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  # 1669852 13-Nov-2016 00:51
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Talkiet:

 

networkn:

 

Yeah, I think that most eco people I know would argue, you can always get more money, probably not so easy to get a new planet. I haven't gone Solar yet but certainly will regardless of payback timeframe.

 

 

Surely that's mostly about feeling better about your consumption than actually doing something significantly better than drawing from existing renewable energy sources? I'm not a greenie in any sense (except that I like the colour!) but I thought that a really good proportion of the power I consume here in Chch through the grid is from renewable sources.

 

It's a similar argument to buying a new Electric car vs buying a secondhand efficient petrol or diesel car... The overall impact on the environment has a significant overhead component before you get to the impact of the fuel.

 

I suspect a large number of the impact assessments done to figure out whether buying a new energy efficient "thing" (car/heating/insulation etc) is a good idea usually are fairly biased based towards the outcome that is shinier or feels better (to ourselves or to others).

 

 

 

Personally, I want an electric car, but only because a Tesla Model S is a kickass fast car. If the same car was powered by crushed Unicorns I'd still want one :-)

 

Cheers - N

 

 

 

 

It would depend on whether you were actually drawing from renewable energy sources, but you are right. Strictly speaking, the sun is not renewable energy though :) 

 

I'm with you, I like nice fast cars, and I wouldn't care if they were fuelled with crushed up (baby) unicorns either, in fact I am sure I saw a Top Gear episode and another from Mythbusters that shows that despite protests, crushing up unicorns and mixing it with normal fuel improves economy and kW output on cars significantly!

 

IF they made a Tesla S wagon with 250KM range, I'd have one already :)  Back when fuel was getting really expensive, everyone I know was buying smaller cars and I bought a V8 Audi S4 Avant. Everyone was HORRIFIED and spoke to me about the impact on the environment. I said I'd recycle some extra stuff each week :) 

 

If you find a cost effective source of Unicorns let me know, I did consider farming them myself, however, the netting to keep them flying away was SO expensive.

 

 


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  # 1669854 13-Nov-2016 01:44

Main problem is you are relying on the current policies for electricity pricing remaining the same. As an example in Auckland average usage is 7200 units per year. Yet anything under 8000 units is considered low usage. The low user regulations cause alot of uneconomic investment. As they artificially increase the per unit cost of power, while artificially lower the fixed costs (as billed to the end consumer). They are also very poorly targeted. As how much power you use has no connection to how rich / poor your household is. They are also a subsidy for solar power. As the higher unit price inflates your savings.

 

This also causes higher carbon emissions than what would otherwise occur. As electric hot water cylinders are ripped out and replaced with LPG gas water heaters. As in Auckland LPG costs 16c per kW/hr. So far cheaper than electricity on a low user plan. Despite the electricity being 80% renewable generated. (and often over 90%). And the LPG being 0% renewable. Cooking is still best done with gas as the issues caused by peak loading massively outweigh any on paper emissions savings from electric cooking.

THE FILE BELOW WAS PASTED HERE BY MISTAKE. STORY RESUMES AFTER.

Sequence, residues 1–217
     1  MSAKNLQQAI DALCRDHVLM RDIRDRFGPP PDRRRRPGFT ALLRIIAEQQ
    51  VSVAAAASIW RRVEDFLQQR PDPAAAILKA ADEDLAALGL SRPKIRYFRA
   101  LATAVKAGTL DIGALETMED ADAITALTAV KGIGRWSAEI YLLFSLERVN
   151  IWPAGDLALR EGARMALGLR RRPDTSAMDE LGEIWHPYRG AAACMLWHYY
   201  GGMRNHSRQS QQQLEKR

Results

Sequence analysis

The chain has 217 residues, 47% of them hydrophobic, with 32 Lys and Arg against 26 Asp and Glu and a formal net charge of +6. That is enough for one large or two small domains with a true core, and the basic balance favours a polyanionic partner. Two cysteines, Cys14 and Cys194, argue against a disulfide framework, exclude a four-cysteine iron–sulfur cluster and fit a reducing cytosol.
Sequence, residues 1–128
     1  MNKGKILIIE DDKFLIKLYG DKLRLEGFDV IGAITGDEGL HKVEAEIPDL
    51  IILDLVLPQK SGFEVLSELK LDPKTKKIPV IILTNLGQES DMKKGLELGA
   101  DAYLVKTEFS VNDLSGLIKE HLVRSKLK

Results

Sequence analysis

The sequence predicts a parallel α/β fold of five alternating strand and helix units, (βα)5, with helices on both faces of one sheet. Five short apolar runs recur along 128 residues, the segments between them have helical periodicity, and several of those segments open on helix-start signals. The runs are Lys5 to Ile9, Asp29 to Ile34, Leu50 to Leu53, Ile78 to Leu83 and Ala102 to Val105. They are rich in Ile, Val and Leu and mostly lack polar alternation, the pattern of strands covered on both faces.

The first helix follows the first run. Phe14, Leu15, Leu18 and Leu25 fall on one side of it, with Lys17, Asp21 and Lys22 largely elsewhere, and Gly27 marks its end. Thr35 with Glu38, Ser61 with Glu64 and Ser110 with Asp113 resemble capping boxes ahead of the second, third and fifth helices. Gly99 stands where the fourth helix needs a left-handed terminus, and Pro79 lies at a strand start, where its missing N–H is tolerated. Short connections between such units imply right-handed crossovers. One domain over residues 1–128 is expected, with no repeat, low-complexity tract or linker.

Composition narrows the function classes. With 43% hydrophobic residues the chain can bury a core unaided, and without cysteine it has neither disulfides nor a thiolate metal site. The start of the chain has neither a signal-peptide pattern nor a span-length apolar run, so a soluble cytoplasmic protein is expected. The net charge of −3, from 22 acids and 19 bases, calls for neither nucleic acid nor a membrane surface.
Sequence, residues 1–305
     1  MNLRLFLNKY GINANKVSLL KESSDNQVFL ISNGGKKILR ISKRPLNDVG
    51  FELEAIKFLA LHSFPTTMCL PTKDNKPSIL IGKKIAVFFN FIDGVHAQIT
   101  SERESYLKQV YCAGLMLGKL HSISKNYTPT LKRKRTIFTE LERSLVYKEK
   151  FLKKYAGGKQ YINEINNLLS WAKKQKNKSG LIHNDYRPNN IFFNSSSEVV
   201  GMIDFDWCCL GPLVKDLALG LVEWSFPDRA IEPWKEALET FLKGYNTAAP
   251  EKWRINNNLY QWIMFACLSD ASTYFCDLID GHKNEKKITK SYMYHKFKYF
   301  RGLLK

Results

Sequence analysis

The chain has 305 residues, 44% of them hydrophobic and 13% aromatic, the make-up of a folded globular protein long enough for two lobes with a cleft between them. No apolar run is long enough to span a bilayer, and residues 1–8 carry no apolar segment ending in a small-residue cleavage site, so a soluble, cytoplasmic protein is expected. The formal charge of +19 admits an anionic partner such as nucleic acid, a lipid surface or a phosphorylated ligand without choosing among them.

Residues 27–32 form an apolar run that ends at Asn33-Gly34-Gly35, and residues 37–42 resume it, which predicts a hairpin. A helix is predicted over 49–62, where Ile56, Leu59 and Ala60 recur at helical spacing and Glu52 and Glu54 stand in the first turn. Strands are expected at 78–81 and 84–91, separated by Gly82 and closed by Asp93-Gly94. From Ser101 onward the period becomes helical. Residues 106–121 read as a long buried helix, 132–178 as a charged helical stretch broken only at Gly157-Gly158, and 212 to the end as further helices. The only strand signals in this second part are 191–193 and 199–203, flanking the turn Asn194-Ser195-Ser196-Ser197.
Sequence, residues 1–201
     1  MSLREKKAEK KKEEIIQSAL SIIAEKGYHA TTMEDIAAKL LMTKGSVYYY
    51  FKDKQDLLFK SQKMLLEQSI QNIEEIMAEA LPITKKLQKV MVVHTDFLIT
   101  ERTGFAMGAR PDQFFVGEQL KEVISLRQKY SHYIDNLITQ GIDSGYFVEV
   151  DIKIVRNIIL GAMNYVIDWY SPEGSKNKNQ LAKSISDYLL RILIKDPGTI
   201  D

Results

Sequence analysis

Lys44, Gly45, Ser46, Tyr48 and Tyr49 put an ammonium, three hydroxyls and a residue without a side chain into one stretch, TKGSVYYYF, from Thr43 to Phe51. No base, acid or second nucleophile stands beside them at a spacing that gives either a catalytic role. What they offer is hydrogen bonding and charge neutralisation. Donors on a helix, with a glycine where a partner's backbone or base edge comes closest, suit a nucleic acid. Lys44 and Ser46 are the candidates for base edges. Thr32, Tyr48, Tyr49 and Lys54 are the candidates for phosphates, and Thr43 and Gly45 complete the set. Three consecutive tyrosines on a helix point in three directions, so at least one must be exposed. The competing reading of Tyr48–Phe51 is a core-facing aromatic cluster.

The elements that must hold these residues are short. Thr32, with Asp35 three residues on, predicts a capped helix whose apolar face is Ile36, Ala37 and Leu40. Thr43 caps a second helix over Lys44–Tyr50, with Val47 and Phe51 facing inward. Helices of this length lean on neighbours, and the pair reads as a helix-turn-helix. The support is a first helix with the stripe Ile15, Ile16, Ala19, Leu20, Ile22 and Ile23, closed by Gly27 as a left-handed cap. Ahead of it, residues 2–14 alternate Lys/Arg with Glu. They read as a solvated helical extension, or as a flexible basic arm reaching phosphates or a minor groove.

Low user plans also mean that standard user plans have to be more expensive. As power companies are not allowed to offer a standard user plan that would result in lower bills for someone who uses less than 8000 units / year. Which also means you have low income people who are on standard user plans (due to their usage). Paying extra to subsidise rich, but low users, and people with solar panels. Especially as low income people will likely be in rental properties, so won't be able to get solar installed.

 

So some scenarios: low user plans being scrapped completely or maybe introducing a rule requiring you to have a community services card to get low user pricing. Only a matter of time before the usual left wing suspects pick up on this. And turn it into a election issue.

 

Mandatory "time of use" pricing plans. Peak pricing would be morning and evening. So little scope for non battery backed solar to make much savings.

 

Mandatory capacity based pricing. (Same as used by "The Lines Company" in Turangi, central plateau area) again solar won't do much to reduce lines capacity used by a household. So not much savings.

 

 

 

And In NZ solar doesn't help the environment much. As it can't reduce the morning or evening peak loads during winter. And during the middle of the day, usage is mostly provided by renewable generation. It is far cheaper to build wind generation than subsidise residential solar. So any subsidies should be removed. (either intentional or unintended like the low user distortions) As electricity prices that are higher than necessary simply mean more fossil fuels get used for purposes that could have been met by almost fully renewable electricity. And lowering peak demand by time shifting usage to low usage times, means lower carbon emissions. Despite total usage being the same. And this would also encourage more renewable generation to be built. As most renewable generation has to run when the wind, water ect is available. As they can't store their energy source like you can with fossil fuels. So peak demand management is very important to reduce fossil fuel usage from electricity generation.